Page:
Before I draw several points to the Minister’s attention, let me just say that I have spoken to the NHBC, corresponded with its chief executive and met its senior surveyor, Mr Bamford, who not only visited me in my constituency office but inspected the site of the fire. The NHBC fully accepts that it was the regulating authority. It also points out that the homes are more than 10 years old and therefore just out of guarantee, but it is not flinching from taking what responsibility it needs to take. Representatives from the authority have a meeting with the fire service later this month to look at and assess the evidence. I am pressing them strongly to carry out a survey of other homes in Kennett Drive so that it can be established whether the missing horizontal fire barriers were a one-off omission or commonplace on that estate.

I do not think that the Kennett Drive fires will be a one-off. Last year, something approaching 60,000 timber framed homes were erected in England. I suggest that since Kennett Drive was built 11 years ago, there must be at least 1 million similar timber framed homes, and that is probably a serious underestimate.

I thank the Minister for the letter he sent me, because I have been in correspondence with him as well. I am pleased to hear that he has commissioned some work from the Building Research Establishment, and I hope that he may be able to say a word or two about that. I also have some questions and some asks. I want him to join me and raise the profile of the fire risk in timber framed homes. I hope that he will alert the regulatory bodies to the problem, especially the NHBC, the LABC—the Local Authority Building Control organisation—and local government building control officers. The risk of the fire-stopping going wrong is severe, and the need to ensure that it does not is acute.

I want the Minister to agree to change the building regulations to prohibit the use of flammable vapour barriers in cavities where there is a timber framed construction. Ensuring that we do not put flammable wicks in cavities in timber framed buildings strikes me as being a very sensible first aid move. I also want him to ask BRE to take quick action to ensure that there is always fire-stopping at the top of the cavity. It is all a bit technical, but the fact of the matter is that the fire will spread up the cavity until it stops. If it is not stopped by anything, it goes into the roof space and burns along the roofs. The evidence from Kennett Drive and elsewhere suggests that once the fire gets into the roof space, you’ve had it, so where the wall and the roof space meet is a crucial point.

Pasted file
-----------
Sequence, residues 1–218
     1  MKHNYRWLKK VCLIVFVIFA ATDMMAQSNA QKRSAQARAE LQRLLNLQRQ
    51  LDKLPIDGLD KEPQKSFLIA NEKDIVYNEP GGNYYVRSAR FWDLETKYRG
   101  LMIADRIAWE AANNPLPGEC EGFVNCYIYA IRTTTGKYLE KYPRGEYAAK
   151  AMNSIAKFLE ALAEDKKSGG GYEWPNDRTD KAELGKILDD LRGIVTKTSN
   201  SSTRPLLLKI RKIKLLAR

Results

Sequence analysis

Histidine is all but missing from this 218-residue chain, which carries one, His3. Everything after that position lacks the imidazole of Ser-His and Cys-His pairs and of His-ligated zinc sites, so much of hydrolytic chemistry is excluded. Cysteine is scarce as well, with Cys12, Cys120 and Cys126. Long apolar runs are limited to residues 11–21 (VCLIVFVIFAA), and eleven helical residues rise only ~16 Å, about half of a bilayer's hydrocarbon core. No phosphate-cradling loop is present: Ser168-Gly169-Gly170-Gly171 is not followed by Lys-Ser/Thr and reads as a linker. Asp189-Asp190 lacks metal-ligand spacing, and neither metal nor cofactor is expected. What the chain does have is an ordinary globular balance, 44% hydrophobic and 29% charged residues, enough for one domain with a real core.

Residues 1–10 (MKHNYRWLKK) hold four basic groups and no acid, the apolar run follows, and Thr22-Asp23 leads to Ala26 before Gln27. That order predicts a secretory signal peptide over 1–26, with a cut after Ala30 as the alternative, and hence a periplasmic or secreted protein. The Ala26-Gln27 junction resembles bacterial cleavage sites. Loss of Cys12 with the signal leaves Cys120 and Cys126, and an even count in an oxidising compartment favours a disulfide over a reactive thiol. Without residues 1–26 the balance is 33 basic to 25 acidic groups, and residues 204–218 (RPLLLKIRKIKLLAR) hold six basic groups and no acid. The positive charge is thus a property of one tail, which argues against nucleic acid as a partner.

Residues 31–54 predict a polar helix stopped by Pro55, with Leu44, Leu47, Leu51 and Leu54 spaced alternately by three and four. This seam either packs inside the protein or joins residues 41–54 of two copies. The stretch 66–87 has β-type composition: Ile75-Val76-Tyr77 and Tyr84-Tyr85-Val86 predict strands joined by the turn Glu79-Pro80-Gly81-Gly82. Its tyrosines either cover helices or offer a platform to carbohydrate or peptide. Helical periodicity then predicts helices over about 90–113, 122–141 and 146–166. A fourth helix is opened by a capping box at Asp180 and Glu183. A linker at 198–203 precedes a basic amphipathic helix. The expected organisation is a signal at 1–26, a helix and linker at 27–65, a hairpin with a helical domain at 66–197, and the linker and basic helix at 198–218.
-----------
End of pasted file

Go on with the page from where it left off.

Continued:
Three households were burned out in my constituency in a fire that should have been impossible, and that would have been impossible if the fire-stopping had been effective and if the vapour barrier had been non-flammable. Perhaps it was a one-off, but Greater Manchester fire and rescue service says that it is not and has the videos to prove it. I am delighted that the Minister is already on the case, but I urge him to join me in getting contractors and regulators to understand the importance of proper supervision and workmanship in the first place. I want him to prohibit the use of flammable vapour barriers and I would like him to do that immediately. I want him to join me in warning the building industry and the DIY trade of the added risks of fire when alterations are done and plasterboard is cut open when people are not paying attention to the consequences. I look forward to hearing what the Minister has to say.

I congratulate my right hon. Friend the Member for Hazel Grove (Sir Andrew Stunell) on securing the debate and raising the issues on behalf of his constituents in Kennett Drive. I was aware that he brought some professional knowledge to his ministerial experience in the Department from 2010 to 2012, but I did not realise that it was so extensive and deep. I have learned something about my colleague this afternoon.

Fire safety, quite rightly, continues to be a priority for the Government. We have a continuing success story with regard to reducing not only fires but deaths and injuries from fires. The number of fires attended has fallen by 64% over the past decade and the latest fire statistics report that in 2013-14 there were 275 fire fatalities, 14 fewer than in 2012-13. Accidental fire deaths in the home in England, which account for three fifths of all fire fatalities, have decreased by 36% in the past decade.

The Government continue to demonstrate our commitment to fire safety through the Department’s Fire Kills campaign, which promotes a wide range of fire safety messages to encourage fire safety behaviour in the home. The campaign’s primary focus is promoting the installation of smoke alarms, as a person is at least four times more likely to die in a fire in the home if they do not have a working smoke alarm. The latest English housing survey, published last July, reported that the proportion of households with a working smoke alarm is 88%, up from 76% 12 years before. In 2011, Fire Kills collaborated with the UK Timber Frame Association, now the Structural Timber Association, on the “Living in a modern timber frame home” publication to educate the owners of such homes on the specific fire precautions they should take.

My right hon. Friend does not need this made clear to him, but I should make it clear for the benefit of anyone reading or listening to the debate that the building regulations are primarily concerned with ensuring that buildings are safe, sustainable and accessible. The building regulations are not about promoting, or banning, types of material or types of construction. Timber framed construction is a popular means of building new houses. It is also viewed by many to be more sustainable than some other forms of construction. However, I am aware there have been concerns about the fire performance of timber framed buildings. These first came into the spotlight in 2007 after a number of large construction site fires. In 2010, the Government took steps to address those concerns by working with the industry and the Health and Safety Executive. It was recognised that a large timber frame being erected near to existing occupied buildings could present a significant risk, and the HSE updated its guidance and the industry developed safer working practices as a result. On 29 October 2014, the HSE issued an open letter reminding the industry of its responsibilities and has recently prosecuted a firm of architects for safety failings in the design of a new timber framed care home in Hemlington near Middlesbrough.